A Model for a Novel

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I’m halfway (50 K) through my novel. Early on I realized the setting—a girls’ summer camp/late spring—was becoming complicated. There were cabins for girls, cabins for counselors, a large meeting hall with a cafeteria, an outdoor stage, trees, gazebos, a parking lot…hedgerows, a house for the groundskeeper—sidewalks. I was losing control. I decided to sketch a map of the place.

The above map worked up to a point, but things started moving about…a life of their own, as it were. Then I started making notes on the map! As the novel progressed the map became more and more important and more and more cluttered. It became clear to me that I needed to move things to a HIGHER LEVEL.

I bought a large white board, a pack of construction paper, glue sticks, balsa wood, dowels, all kinds of stuff. I became a Hobby Lobby freak. At first, I used pieces of cut-out construction paper of various colors, to identify buildings as well as to mark their location and black strips to mark roads and sidewalks, then I cut out circles for trees. I kept it all loose in order to move things about as deemed necessary. Much “deeming” later, I went 3D. OMG!

silverbridge

Silverbridge Summer Camp for Girls

            The cabins were easy to construct—I used pine and miter saw. Painting them was time consuming. The gazebos were the toughest items to construct. I used my scroll saw for the cut-outs. After two or three tries, I had something I liked. I was especially proud of the cupolas. The whole model isn’t built to scale…but things are—more or less—depicted in a relative manner, so it’s not too out of whack. For instance, cars are nothing more than tiny blocks of wood painted various colors. No need to get too realistic.

Materials breakdown:

  • Roads and sidewalks – Corkboard with adhesive backing.
  • Cars – small painted blocks of wood.
  • Trees – dowels and Styrofoam.
  • The grass in the central area – green construction paper.
  • Green cabins for counselors – painted pine.
  • Yellow cabins for girls – painted pine. Four girls to a cabin.
  • Gazebos – painted pine with a balsa wood cupula.
  • Rose bushes – fluff balls. Got them at Hobby Lobby.
  • Green border hedge – square dowels.
  • Main building (red and black) painted pine. Tiny letters from Hobby Lobby.
  • Groundkeeper’s house—painted pine.
  • Boulder next to the flag—a rock I picked up while walking Cody, our black lab.
  • Windows and doors of buildings are construction paper cut-outs and glued on.

Now you may wonder how the writing was going during all of this? Constructing this model while writing its narrative provided an interesting source of depth. On several occasions, each caused revision to the other. I was amazed to literally see the landscape in a 3D aspect as opposed to the imagined. One or two scenes improved because I had a clearer vision of the physical space involved. I could see what my characters see from any vantage point. I used a small clip light to get an idea of the effect of morning sun and shadows. I could turn the whole shebang around and get an evening view…which I did. In short, I’m having a great time with this. Next project: a model of my protagonist’s cabin…why not?

This is the first time I’ve ever done this sort of thing, and it wasn’t planned. So! What are your thoughts? Suggestions? Have you done this sort of thing? Did your model or map, or drawing help you with your novel?  How so?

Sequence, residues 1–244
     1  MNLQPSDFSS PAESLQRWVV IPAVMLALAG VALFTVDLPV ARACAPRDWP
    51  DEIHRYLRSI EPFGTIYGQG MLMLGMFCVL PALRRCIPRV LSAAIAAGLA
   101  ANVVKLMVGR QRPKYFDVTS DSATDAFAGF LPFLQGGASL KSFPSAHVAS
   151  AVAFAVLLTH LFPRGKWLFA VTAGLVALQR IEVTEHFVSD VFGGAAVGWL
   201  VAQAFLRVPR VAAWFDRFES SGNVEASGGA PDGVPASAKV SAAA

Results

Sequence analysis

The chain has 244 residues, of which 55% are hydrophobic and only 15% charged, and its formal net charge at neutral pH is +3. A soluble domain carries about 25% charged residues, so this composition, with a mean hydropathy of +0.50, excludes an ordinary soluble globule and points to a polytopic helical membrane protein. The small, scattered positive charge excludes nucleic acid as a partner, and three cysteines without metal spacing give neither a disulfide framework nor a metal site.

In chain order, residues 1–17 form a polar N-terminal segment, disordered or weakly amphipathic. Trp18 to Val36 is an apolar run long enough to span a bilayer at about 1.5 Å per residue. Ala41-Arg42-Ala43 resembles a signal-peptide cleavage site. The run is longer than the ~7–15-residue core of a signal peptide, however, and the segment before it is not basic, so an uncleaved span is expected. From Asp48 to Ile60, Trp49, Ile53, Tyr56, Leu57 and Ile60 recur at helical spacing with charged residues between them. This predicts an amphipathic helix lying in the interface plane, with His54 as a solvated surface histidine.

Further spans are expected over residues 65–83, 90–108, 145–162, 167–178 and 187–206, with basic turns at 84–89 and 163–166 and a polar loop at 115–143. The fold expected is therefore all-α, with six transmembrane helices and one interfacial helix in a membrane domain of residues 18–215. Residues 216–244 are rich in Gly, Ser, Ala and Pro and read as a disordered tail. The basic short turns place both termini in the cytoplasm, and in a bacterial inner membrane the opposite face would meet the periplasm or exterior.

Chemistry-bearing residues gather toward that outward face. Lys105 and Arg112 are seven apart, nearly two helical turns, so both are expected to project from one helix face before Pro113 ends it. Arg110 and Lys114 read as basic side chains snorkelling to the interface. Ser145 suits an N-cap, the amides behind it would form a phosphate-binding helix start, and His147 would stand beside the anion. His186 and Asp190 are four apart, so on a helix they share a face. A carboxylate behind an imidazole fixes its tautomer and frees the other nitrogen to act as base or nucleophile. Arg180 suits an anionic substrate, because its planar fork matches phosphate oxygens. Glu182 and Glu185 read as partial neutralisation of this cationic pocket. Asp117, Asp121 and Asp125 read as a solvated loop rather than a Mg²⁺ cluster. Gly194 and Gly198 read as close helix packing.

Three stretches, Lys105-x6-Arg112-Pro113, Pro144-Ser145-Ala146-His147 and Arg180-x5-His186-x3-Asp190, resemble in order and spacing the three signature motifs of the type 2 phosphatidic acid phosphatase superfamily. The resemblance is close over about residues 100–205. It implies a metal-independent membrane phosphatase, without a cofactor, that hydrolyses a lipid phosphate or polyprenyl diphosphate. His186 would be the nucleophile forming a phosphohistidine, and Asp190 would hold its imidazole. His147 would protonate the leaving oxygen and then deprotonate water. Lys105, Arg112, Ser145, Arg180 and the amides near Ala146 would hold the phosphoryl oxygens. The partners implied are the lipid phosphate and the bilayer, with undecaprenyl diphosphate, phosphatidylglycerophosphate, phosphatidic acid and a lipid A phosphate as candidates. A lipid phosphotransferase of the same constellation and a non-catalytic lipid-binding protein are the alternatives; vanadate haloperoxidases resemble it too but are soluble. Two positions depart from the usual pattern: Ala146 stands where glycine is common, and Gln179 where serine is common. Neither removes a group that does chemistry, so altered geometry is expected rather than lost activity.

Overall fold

39 thoughts on “A Model for a Novel

  1. ladieswholunchreviews

    I am so fascinated with this. I’ve decided to get serious about expanding some of my shorter stories, hoping one will reach novel length. I’ve never even planned before, but I’m setting up outlines and things. I might just try at least the map idea and some rough sketches cause working w/o a an is not working for me. Your idea sounds fabulous!

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    1. Paul Post author

      Whoa! thank you so much! 🙂 I have to say, it really made a difference. It connected me to the writing in a more personal manner. I got closer to the characters and their world, so to speak.

      Thanks again for reading and positive response.

      Liked by 1 person

      Reply
  2. spearfruit

    The 3D model is amazing and I think an excellent idea for assisting you through your writing process. I am very impressed as to the detail you put into this Paul, very impressed.

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    1. Paul Post author

      Thank you! It did work…much better than I thought…! You know I had to draw a line on how far I wanted the detail to go…for instance I had thought about telephone poles and lines and all that b.s. but then they don’t play any role in the. narrative so I said the hell with that. :-). The big thing was the placement of buildings and such. When characters leave a building, what do they see? That aspect becomes important in creating a believable space.

      Thanks again Spear, it’s always so good to hear from you. It’s also good to hear you’re on the mend! ha!

      Liked by 2 people

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      1. spearfruit

        I can understand about wanting more detail with the telephone poles, etc. The detail you have now is great, and I understand what you are doing with the model to help with the narrative. Happy Sunday my friend! 🙂

        Liked by 1 person

  3. Sha'Tara

    On the humourous side… are you writing a pop-up book? (As in “Throw Momma from the Train”?) That’s quite the effort. I can imagine how the mind would be working overtime with possibilities as you put those 3-D figures up.

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  4. jrose88